In partnership with the South London and Maudsley NHS Foundation Trust, we transformed the outdoor spaces at the hospital in Camberwell into a beautiful new public garden, designed to improve community wellbeing by creating a safe, restful and peaceful space for relaxation, reflection and wellbeing activities.
Maudsley Hospital is a large psychiatric hospital in Camberwell, providing in-patient and community mental health care to thousands of people across the country. Part of the South London and Maudsley NHS Foundation Trust (SLaM), it is also a contributor to psychiatric research and the largest mental health training institution in the UK.
Prior to this project, the hospital’s outdoor spaces mainly consisted of bare open amenity grass with a few large trees and shrubs. There was a severe lack of biodiversity, colour and visual interest making the spaces feel bland, uninspiring and, as a result, underused. Through this project and the planting of trees, sensory plants, and the provision of natural features across the campus, we wanted to ensure Maudsley Hospital is able to provide abundant opportunities for all visitors for relaxation, horticultural therapy, socialising and much more.
The local community was involved in the project from start to finish, engaging in consultation and volunteering activities throughout. Trees for Cities began consultation in the local area in July 2016, holding community drop-in sessions, surveys and consultation meetings where local people were able to feedback their ideas for the greening project.
Our main community planting event took place on the 25th of March 2017. 49 people came out on the sunny Saturday to plant hundreds of sensory and flowering plants and complete the mixed fruit orchard of 12 trees. The volunteers were a mix of local people from the hospital community, including residents, service users and Occupational Therapists as well as regular Trees for Cities volunteers. Earlier in the same week, nearly 50 pupils from Lyndhurst Primary School also joined Trees for Cities during two planting workshops to help plant some of the fruit trees at the orchard.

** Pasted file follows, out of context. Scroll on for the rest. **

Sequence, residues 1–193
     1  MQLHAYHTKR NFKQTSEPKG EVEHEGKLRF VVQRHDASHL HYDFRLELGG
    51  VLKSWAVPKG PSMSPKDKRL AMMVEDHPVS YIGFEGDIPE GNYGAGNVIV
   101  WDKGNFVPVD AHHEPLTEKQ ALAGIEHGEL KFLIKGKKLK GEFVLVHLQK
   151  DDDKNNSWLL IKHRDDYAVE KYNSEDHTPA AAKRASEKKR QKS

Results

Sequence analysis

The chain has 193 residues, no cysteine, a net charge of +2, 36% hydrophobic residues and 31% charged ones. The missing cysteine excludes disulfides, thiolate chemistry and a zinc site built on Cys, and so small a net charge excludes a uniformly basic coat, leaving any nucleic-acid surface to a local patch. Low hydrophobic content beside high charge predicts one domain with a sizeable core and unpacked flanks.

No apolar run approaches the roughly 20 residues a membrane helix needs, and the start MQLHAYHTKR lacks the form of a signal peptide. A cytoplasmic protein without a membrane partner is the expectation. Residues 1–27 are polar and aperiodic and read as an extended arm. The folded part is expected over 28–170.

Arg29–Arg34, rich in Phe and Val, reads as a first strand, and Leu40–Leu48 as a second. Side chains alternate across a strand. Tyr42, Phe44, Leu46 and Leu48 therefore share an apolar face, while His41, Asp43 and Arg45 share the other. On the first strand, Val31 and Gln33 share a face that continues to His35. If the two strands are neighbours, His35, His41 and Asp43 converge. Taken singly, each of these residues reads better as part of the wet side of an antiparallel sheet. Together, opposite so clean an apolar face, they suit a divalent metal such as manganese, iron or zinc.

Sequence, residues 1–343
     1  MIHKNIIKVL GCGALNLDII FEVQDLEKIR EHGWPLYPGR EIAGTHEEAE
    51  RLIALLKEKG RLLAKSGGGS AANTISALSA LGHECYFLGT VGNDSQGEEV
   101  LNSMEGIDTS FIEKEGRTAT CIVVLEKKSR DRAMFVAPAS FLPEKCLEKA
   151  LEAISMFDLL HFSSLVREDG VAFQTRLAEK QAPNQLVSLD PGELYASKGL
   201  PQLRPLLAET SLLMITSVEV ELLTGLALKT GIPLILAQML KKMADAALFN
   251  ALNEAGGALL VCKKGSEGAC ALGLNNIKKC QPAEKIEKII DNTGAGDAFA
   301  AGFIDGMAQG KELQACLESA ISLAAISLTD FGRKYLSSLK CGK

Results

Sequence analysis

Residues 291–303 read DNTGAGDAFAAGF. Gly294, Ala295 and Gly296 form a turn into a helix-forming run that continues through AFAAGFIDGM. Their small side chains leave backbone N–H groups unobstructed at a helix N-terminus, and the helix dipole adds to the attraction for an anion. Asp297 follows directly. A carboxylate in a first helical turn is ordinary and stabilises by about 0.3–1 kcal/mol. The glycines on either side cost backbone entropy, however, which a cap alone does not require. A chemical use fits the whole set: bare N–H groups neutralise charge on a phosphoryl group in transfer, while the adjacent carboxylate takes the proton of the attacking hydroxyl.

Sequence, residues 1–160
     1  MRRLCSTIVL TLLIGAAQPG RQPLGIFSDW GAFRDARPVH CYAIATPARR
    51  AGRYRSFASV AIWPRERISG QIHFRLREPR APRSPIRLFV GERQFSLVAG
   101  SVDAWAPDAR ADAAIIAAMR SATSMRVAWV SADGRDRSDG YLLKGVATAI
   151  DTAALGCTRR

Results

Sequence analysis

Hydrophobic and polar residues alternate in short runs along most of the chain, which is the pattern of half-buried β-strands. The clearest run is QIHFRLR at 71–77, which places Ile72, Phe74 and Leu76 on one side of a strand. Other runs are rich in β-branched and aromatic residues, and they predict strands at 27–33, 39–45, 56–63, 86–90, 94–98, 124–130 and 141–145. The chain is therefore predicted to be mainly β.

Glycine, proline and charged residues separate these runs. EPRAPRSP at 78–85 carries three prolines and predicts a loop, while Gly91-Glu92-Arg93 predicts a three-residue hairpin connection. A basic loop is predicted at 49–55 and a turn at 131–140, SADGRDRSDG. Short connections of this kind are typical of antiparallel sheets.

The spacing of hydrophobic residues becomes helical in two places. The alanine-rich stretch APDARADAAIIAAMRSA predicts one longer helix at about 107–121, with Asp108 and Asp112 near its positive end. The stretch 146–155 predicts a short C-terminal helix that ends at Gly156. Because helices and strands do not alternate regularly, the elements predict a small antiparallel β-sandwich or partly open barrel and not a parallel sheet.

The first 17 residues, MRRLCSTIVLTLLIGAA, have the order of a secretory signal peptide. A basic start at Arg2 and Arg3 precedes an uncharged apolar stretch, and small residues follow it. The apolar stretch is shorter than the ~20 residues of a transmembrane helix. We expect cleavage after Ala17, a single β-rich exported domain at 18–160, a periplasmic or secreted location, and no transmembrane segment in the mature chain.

To complete the rest of the planting in the central hospital courtyard, including the planting of 17 River Birch trees and hundreds of sensory plants, we held several weekday planting workshops with the local community, including hospital service users. A total of 1,118 flowers, plants and shrubs were planted through the hospital, chosen for their sensory value and ability to attract pollinators including butterflies, moths and other insects (e.g. Mahonia eurybracteata, Bergenia 'Overture', Bergenia 'Silverlight', Echinacea purpurea, Viburnum × juddii).
How fabulous the planting project is happening! As Head of Occupational Therapy for the Trust this project is a great way to create environments on the site that people would like to be in. The interaction between an individual, their environment and their meaningful occupation is all important in facilitating health and wellbeing. I am sure the occupational therapists who work here will welcome fresh and engaging outdoor spaces that provide that sense of wellbeing for the people they are supporting with their recovery as well as staff and members of the public.
Gabrielle Richards, Professional Head of Occupational Therapy and Trust Social Inclusion & Recovery Lead
The spatial outlay for the orchard design was based on three spirals. The seating areas were designed within the spirals and outer beds, whilst the sensory plants create screens between the seating areas to provide privacy and evoke calmness and relaxation. Planting has been placed on the eastern and southern boundary to create a green screen as well as provide privacy from the car park. The planting will also help mitigate noise and pollution from the adjacent trainline as well as heavy road traffic on Denmark Hill and Champion Park Road.
The central courtyard garden echoes the orchard in its colour and sensory scheme. The design was based on a gentle grid formation which subtly repeats across the gardens and aids in drawing visitors away from the main path and into the open and inviting gardens. The picnic tables, benches and plant beds have been constructed of oak and have been fixed in situ. The shade from the trees will provide an additional respite for visitors when taking a break in the garden. The special mix of trees and plants will not only support biodiversity but provide an array of interesting smells, colours and textures to create a calming, sensory space for people to enjoy.
It's very relaxing and therapeutic and it's so good to see how much the area changes, it looks amazing!